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1878 – Church of the Holy Trinity, Privett, Hampshire

Architect: Arthur W. Blomfield

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In 1863, William Nicholson of the firm of J&W Nicholson & Co, gin distillers, bought the nearby estate of Basing Park. Many of the buildings in Privett were built by him for workers on his estate, and the Church of the Holy Trinity was also built at his expense between 1876 and 1878. The size of the new church far outstripped the requirements of the small rural parish, and it eventually became redundant in the 1970’s. Sir Nikolaus Pevsner described the church as “exceptionally good” and like “a substantial town church”.

The church, in Gothic Revival of flint with Bath Stone dressings. The chancel has north and south chapels or transepts, while the nave has four bays with aisles and clerestory, and a porch to the north. The tower, with broach spire, gargoyles, buttresses and three tiers of lucarnes, is 160 feet (48.8 m) high and forms a prominent landmark. The nave has four-bay arcades, a lofty tower arch, a square font on pillars with stiff-leaf carving, a round stone pulpit and an intricate wrought iron lectern. The chancel is sumptuously appointed with a mosaic floor, sedilia and reredos with arcading. It is now under the care of the Churches Conservation Trust.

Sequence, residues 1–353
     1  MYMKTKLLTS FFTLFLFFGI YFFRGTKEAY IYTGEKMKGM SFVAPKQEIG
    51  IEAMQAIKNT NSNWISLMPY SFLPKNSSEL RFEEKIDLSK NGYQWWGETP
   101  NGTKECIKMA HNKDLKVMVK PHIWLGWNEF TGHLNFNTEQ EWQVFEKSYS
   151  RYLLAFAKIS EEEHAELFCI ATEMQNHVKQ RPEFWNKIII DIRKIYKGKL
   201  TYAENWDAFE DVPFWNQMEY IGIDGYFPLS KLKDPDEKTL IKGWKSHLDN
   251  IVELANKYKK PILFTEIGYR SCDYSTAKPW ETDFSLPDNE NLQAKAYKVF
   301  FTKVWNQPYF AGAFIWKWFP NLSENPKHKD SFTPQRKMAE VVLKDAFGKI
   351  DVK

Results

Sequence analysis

Illustration published in The Building News, July 12th 1878. “This church replaces a much smaller edifice of no architectural character or interest. The new building has no peculiarity of plan, consisting simply of nave, aisles, and chancel, with transepts, and a tower and spire at the west end. The external facework is of rough flint, with which the neighbourhood abounds. The whole of the external dressed stonework is of Doulting stone. Internally Bath stone has been used for columns, arches, and other details, the general face being lined with Ham-hill stone, banded with Bath. Up to the sills of the aisle windows the walls are lined with rubbed Corse- hill stone, finished at the top with a moulded string-course. The interior of the church is treated in a much richer manner than is indicated by its external details. All the detached shafts used in the chancel .are of Purbeck marble, as also are the slab of the super-altar, the top of a recessed tomb in the chancel, in memory of a sister of the founder, and the seats of the sedilia. The roofs are of pitch pine, covered with Broseley tiles. The whole of the floors are of Italian mosaic, executed by Messrs. Burke and Co. That in the chancel is of somewhat elaborate design, with plaques of marble and porphyry introduced in the sanctuary. All the steps in the chancel are of Belgian marble. The reredos occupies the whole of the east wall, and forms part of the architecture. It consists of an interlaced arcading, having in the centre a larger arch containing a sculptured representation of the Supper at Emmaus. The windows in the chancel and the west window in the tower are filled with stained glass by Messrs. Beaton, Butler, and Bayne ; those in the chancel being the gift of the two sisters of the founder. The pulpit is of Caen stone, with Purbeck marble shafts. The font (a special gift) is of Bolsover stone ; the plan is square, the sides being richly carved, and it is supported on clustered shafts of Purbeck marble. The whole of the sittings and fittings and the doors are of oak. The organ, which is placed in the north transept, is by Lewis. Under the chancel and transepts is a crypt, in which is placed the heating apparatus. In the tower is a peal of eight bells. The contractors for the works were Messrs. Dove, Bros., of Islington. The carving was executed by Messrs. Farmer and Brindley. The height of tower and spire is about 180ft. The cost of the whole work has been defrayed by W. Nicholson, Esq., of Basing Park. “